Salem gained much of its fame from the notorious witch trials that took place during the late 17th century. Today, visitors can relive the trials through observing reenactments, films, walking tours, and museums. Salem also has a rich maritime history, one that is commemorated through various activities. Visitors can tour ships, sail on schooners, and walk around museums filled with treasures and artifacts.
The Peabody Essex Museum offers history of a different sort, featuring work by Ansel Adams and other artists. Salem also hosts a series of festivals throughout the summer. These festivals celebrate maritime history, the 4th of July, jazz music, and other subjects. Places to shop and eat, which are easy to find throughout Salem, are two more elements that make this northern Massachusetts town a great place to be. salem.org
North Adams and Williamstown
Situated in the Berkshire mountains, these two towns offer scenes of breathtaking beauty. North Adams is home to the Massachusetts College of Liberal Arts, which offers a variety of academic pursuits, while Williamstown houses Williams College, one of the best liberal arts schools in America. Although these two towns are best known for their education centers, it is the other attractions that make North Adams and Williamstown truly special.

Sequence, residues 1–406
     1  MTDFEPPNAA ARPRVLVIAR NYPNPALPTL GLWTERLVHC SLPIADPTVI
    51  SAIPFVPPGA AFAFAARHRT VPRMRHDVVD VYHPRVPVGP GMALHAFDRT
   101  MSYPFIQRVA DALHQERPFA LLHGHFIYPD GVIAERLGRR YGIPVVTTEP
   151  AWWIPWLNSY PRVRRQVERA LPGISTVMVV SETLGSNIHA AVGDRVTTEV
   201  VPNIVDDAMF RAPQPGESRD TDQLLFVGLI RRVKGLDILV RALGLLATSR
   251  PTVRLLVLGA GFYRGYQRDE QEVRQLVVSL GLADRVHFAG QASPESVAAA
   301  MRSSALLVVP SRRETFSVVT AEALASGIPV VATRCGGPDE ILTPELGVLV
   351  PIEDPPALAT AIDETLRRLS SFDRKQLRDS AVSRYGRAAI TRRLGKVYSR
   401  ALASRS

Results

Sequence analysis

North Adams and Williamstown are made for outdoorsy types. Hiking and running trails abound in the Berkshires, which are famous for their gorgeous autumns. Summers in the Berkshires are just as enjoyable, though, as mild air and lush green hills provide a perfect pastoral backdrop to any outdoor excursion.
North Adams and Williamstown also boast a range of indoors attractions. The Williams College Museum of Art and the Clark Art Institute feature art from around the world. The Massachusetts Museum of Contemporary Art in North Adams is one of the largest centers for contemporary visual and performing arts in the country. Quaint shops and restaurants provide service to passersby who need a bite or a drink. The North Adams and Williamstown area is an ideal destination for any travelers who appreciate nature, fine arts, and tasty cuisine. northadams-ma.gov and williamstownchamber.com
The Massachusetts Office of Travel & Tourism (MOTT) is the state agency dedicated to promoting Massachusetts as a leisure-travel destination. An integral part of the state’s economy, tourism generates more than $915 million in state and local taxes and $14.4 billion in travel related expenditures and supports 121,500 in-state jobs.
The Massachusetts Office of Travel and Tourism’s “Ask a Local” iPhone application, now available on iTunes is an on-the-move guide provides travel information, “local” tips, and deals from Massachusetts’ hotels, attractions, restaurants, and shopping destinations. www.massvacation.com